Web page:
5 Rules for Planting Your Spring Annuals

Annuals come in many different shapes, sizes, and colors but the one thing that they all have in common is they will not thrive without proper design consideration and care. At Plants Creative, we follow five basic rules for every container or bed that we design and plant with annuals to ensure that they will thrive throughout the growing season:

1. Prep your space. More often than not, the issues that arise with annuals (stem rot, fungus, etc) are caused by improper drainage or overwatering. If you are planting in containers, be sure to choose a pot that has at least one hole in the bottom. Before adding your soil, be sure to fill the container about one third of the way full with a material that water can easily flow through, like bark or pebbles. In annual beds, it's important to turn over or rototill your soil before doing any plantings. It is also a good idea to gather your soil so the bed is slightly raised. The prepared soil means that water can move more easily to the roots of your plants and the mounded bed means that water won’t accumulate around your annuals. We also recommend adding a high quality soil amendment like Mr. Natural’s CLM, which has worm castings and permatill for additional drainage.

2. Right plant, right place. The biggest thing that can go wrong when designing annual beds or containers is choosing the wrong plant for the wrong light conditions. For example, caladiums, impatiens, and begonias are classic shade-loving annuals, whereas lantanas and vincas prefer full sun. Once you know where you are planting, figure out how much sun that space will get each day and plan your annuals accordingly.

3. Design your space. For containers, we recommend following the Thriller, Filler, Spiller rule. A thriller is usually your tallest plant and is placed in the center of a container as the focal point. Your fillers go around the base of the thriller to add some depth and dimension. The spillers go around the edge of the container and often times drape over the edges. For beds, it's all about personal preference. You can certainly follow the thriller, filler, spiller rule but you can also play around with color, height, and density to create some really interesting displays of annuals. Planting your annuals is like creating artwork, which means there are unlimited opportunities to create unique and original designs. However you prefer to plant your annuals, we do recommend that you lay your plants out before you start planting. This small step can be the difference between a beautiful bed and a chaotic mess.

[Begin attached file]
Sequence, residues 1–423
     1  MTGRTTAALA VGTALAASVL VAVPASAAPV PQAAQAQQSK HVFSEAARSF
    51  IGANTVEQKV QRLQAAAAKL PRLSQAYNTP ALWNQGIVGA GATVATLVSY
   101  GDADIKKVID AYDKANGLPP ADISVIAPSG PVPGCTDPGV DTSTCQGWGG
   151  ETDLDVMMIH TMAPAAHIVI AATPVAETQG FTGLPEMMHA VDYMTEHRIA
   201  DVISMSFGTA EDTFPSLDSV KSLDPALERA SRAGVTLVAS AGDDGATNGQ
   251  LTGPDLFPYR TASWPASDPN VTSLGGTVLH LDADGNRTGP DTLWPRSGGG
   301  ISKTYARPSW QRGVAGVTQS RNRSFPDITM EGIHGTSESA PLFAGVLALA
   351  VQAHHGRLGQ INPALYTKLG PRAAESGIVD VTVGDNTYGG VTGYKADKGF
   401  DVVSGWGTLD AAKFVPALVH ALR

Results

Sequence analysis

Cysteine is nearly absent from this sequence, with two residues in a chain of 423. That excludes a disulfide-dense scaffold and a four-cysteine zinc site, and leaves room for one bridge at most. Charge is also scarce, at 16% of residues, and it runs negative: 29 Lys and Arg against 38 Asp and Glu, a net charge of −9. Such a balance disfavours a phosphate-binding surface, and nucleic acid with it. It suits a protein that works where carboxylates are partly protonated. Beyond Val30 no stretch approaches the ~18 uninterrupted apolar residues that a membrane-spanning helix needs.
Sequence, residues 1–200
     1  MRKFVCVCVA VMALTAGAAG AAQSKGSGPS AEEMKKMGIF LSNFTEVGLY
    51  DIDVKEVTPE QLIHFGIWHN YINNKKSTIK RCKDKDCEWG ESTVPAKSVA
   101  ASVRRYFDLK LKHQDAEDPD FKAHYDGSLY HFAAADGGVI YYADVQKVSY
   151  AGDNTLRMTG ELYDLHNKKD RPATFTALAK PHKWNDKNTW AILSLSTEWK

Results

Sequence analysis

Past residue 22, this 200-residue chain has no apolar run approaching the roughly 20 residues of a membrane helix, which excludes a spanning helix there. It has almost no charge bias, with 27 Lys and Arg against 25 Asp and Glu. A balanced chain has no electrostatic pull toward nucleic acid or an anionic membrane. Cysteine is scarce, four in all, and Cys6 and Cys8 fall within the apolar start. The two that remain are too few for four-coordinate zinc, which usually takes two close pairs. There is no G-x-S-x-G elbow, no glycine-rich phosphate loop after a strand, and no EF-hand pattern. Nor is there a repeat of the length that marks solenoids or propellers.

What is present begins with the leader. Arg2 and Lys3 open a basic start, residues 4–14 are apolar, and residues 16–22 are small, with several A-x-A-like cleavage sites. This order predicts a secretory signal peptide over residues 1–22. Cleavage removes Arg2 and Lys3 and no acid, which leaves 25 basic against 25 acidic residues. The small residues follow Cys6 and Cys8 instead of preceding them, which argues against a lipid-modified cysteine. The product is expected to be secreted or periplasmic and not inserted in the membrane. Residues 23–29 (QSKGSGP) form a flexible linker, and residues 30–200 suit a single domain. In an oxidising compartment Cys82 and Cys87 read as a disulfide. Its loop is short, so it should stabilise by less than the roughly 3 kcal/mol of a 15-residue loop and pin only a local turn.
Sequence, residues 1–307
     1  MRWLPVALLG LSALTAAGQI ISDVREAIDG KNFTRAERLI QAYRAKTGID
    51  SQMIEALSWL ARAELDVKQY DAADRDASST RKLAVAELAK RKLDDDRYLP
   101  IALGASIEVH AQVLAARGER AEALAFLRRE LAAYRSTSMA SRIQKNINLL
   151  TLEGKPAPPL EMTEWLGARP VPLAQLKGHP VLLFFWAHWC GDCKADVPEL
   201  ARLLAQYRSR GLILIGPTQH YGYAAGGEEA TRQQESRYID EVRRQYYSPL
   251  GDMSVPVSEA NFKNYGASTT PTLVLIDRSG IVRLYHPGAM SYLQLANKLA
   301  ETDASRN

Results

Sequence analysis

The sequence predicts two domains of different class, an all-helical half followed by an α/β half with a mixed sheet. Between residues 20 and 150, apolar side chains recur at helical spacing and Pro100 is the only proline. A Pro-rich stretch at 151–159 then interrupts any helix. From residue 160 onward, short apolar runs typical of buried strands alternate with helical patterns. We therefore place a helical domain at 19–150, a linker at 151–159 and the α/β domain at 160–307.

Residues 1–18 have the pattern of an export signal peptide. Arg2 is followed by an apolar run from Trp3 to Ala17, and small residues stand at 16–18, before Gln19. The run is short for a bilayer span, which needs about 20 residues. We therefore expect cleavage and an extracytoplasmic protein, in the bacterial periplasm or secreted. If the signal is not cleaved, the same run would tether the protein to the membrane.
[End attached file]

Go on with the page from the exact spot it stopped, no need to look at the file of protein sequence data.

4. Time to plant! This step is actually probably the easiest. Just make sure that you don’t plant anything too deep. Doing so will potentially lead to stem rot later in the season. Once you have everything planted, cover the soil with a layer of mulch, give everything a good watering, and you’re done!

5. Take good care of your little annual babies. Fertilization and deadheading are important parts of maintaining your annuals. We always recommend adding a slow release granular fertilizer to the soil prior to planting your annuals and then again midway through the summer. It's also a good idea to use liquid fertilizer every 6 weeks or so. Pruning or pinching your annuals to remove any spent blooms regularly will keep your annuals looking fuller and denser for longer throughout the spring and summer.

We hope these five rules will help get you started in planting your own flowers! Getting your hands in the dirt and being creative is certainly a fun and fulfilling way to welcome summer. If you ever find yourself needing a hand, our team is happy to help! Plants Creative offers a professional seasonal flower design and installation program as well as an annual maintenance plan so you can enjoy your flowers without the dirty work.

Happy planting! 

Spring lawn and garden care pdf cover

Get your backyard ready for summer!

Download your free Spring Lawn & Garden Care Guide.

The Joy of Outdoor Living pdf cover

Looking for more inspiration?

Download our guide to finding more fulfilling and joyful connections with each other — and with nature.